co2 controll - Tropical Fish Keeping - Aquarium fish care and resources
 
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post #1 of 7 Old 04-01-2007, 06:48 AM Thread Starter
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co2 controll

i made a diy co2 kit the other day and now that the bubbles are coming out how do i know the rite amount is coming out?
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post #2 of 7 Old 04-01-2007, 08:19 AM
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Count the bubbles although it seems frustrating. 1-2 bubbles per second is often considered to be the exact amount. Or if you have a test kit, 20-30 ppm is a safe level for the fish.

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post #3 of 7 Old 04-01-2007, 08:43 AM
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Quote:
Originally Posted by Blue
Count the bubbles although it seems frustrating. 1-2 bubbles per second is often considered to be the exact amount. Or if you have a test kit, 20-30 ppm is a safe level for the fish.
Interesting. I have read from several sources and been told by numerous people on forums that you shouldnt let your Co2 drop below 30ppm in a planted tank or else run the risk of algae problems. Also, that most fish can handle Co2 up to about 90ppm.

A bubble counter is a must, IMO. I get about 60-90 bubbles per minute in my 55g with 100% diffusion. This keeps my tank between 50 and 90ppm. If you want to be able to test your Co2 levels, a good pH test kit and kH test kit (may be hard to find locally) are needed. Along with a conversion chart/program (free).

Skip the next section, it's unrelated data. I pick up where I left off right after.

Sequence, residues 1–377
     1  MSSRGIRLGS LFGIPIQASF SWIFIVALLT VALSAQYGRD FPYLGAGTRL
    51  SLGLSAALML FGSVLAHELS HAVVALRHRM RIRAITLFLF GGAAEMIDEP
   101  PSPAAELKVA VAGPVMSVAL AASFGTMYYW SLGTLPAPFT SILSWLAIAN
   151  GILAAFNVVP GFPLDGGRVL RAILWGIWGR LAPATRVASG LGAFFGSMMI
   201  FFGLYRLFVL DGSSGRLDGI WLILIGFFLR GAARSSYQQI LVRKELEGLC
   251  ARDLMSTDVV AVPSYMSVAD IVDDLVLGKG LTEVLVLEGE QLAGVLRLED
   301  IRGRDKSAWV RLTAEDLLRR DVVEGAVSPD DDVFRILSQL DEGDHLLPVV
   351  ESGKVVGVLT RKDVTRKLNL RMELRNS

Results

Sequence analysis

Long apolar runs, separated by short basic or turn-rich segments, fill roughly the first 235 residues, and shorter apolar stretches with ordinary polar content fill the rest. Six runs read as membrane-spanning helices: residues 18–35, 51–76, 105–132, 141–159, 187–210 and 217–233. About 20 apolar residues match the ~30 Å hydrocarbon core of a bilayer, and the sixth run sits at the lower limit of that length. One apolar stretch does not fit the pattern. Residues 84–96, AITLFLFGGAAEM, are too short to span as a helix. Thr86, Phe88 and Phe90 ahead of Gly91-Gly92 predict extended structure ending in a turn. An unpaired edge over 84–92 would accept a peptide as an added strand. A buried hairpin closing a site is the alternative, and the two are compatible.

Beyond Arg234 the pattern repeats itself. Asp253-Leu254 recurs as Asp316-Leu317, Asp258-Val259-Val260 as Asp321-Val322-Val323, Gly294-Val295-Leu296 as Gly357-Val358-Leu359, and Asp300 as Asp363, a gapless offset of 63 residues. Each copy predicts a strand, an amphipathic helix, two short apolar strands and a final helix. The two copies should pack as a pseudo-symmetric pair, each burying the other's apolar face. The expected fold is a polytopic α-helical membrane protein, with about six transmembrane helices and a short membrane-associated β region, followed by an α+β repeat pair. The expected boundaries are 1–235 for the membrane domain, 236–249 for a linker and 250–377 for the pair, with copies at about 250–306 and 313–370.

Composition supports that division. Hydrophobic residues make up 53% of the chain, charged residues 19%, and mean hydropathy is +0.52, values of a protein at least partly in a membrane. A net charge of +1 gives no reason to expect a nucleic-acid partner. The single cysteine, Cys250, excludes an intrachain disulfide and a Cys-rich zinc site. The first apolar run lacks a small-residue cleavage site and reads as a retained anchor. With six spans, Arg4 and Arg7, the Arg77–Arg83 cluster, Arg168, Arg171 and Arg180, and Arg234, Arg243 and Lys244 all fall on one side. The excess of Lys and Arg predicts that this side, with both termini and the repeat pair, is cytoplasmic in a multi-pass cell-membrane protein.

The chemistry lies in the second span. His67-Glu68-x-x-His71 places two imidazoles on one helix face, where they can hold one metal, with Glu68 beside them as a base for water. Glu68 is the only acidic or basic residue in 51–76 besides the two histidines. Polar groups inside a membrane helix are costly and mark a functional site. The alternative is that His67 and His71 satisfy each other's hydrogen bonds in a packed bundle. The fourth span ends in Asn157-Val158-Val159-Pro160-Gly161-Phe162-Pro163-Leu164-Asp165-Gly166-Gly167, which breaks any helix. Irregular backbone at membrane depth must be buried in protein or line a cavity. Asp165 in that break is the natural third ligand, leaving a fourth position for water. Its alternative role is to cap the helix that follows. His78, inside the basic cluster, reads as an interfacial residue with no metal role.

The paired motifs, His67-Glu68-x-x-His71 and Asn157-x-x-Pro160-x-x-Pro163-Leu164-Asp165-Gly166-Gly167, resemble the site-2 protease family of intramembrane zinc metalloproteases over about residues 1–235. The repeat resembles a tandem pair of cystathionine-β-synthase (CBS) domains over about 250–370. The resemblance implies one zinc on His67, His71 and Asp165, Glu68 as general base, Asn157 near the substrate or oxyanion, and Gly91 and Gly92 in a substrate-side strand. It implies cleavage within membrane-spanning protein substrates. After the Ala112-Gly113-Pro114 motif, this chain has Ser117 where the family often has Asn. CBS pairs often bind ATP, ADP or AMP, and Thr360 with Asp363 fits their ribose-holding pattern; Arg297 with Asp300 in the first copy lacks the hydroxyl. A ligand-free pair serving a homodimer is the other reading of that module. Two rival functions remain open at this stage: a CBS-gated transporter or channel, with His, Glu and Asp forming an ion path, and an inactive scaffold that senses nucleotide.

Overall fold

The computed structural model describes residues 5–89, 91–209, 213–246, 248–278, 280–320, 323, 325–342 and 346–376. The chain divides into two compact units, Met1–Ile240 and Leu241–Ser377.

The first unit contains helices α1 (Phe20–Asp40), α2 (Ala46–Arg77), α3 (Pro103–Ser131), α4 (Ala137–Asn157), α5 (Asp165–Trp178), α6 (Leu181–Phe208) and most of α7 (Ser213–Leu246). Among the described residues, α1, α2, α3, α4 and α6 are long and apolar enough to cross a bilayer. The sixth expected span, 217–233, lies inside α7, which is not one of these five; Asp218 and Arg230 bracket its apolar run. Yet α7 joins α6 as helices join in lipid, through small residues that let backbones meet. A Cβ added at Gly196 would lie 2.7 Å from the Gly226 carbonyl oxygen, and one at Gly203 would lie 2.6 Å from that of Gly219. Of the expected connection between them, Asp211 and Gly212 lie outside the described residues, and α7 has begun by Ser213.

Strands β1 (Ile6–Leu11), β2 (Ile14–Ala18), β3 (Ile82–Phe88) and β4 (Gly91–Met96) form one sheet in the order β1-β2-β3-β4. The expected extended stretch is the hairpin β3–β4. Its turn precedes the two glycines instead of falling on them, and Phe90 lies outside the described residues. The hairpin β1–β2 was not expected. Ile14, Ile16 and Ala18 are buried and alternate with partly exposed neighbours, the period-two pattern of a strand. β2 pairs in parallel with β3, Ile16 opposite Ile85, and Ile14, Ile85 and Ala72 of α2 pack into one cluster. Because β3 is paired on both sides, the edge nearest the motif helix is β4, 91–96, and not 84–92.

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post #4 of 7 Old 04-02-2007, 11:57 AM Thread Starter
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my ph has gon down from 7.6 to 6.8 now. is that ok or bad. i read an artical saying to try and keep it between 6.2 and 7.6 which ive dun so far but just wanna check with u lot
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post #5 of 7 Old 04-02-2007, 01:45 PM
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The important thing right now is to make sure you KH is above 3 dKH. This will protect your fish from the pH swings and make it less of an effect on them and less stress. Your dKH should always be above 3. The ppm needs to be between 30 and 50ppm and constantly there to prevent or at least restrict algae growth. Any fluctuations above or below can result in algae problems. Try to keep it as constant as possible.

And no, CO2 will not displace O2 nor will O2 displace CO2. I have talked to 2 different chemists about this and they both proved that the two of them are independant of each other. Turning an airstone on at night may be needed at the right levels to give the fish enough oxygen. If you can set up a timer, I would use it for the airpump so it comes on at 30 minutes after lights off and turns off 30 minutes before lights on. This allows for it to build to levels that are beneficial to the plants and prevents too much build up after lights out.
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post #6 of 7 Old 04-03-2007, 01:57 PM
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a swing in your ph might be because you don't have enough carbon and your plants are eating the carbon they need from your buffer.
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post #7 of 7 Old 04-03-2007, 10:29 PM
Bubble counters can be purchased online at Big Al's.com or Petsolutions.com.
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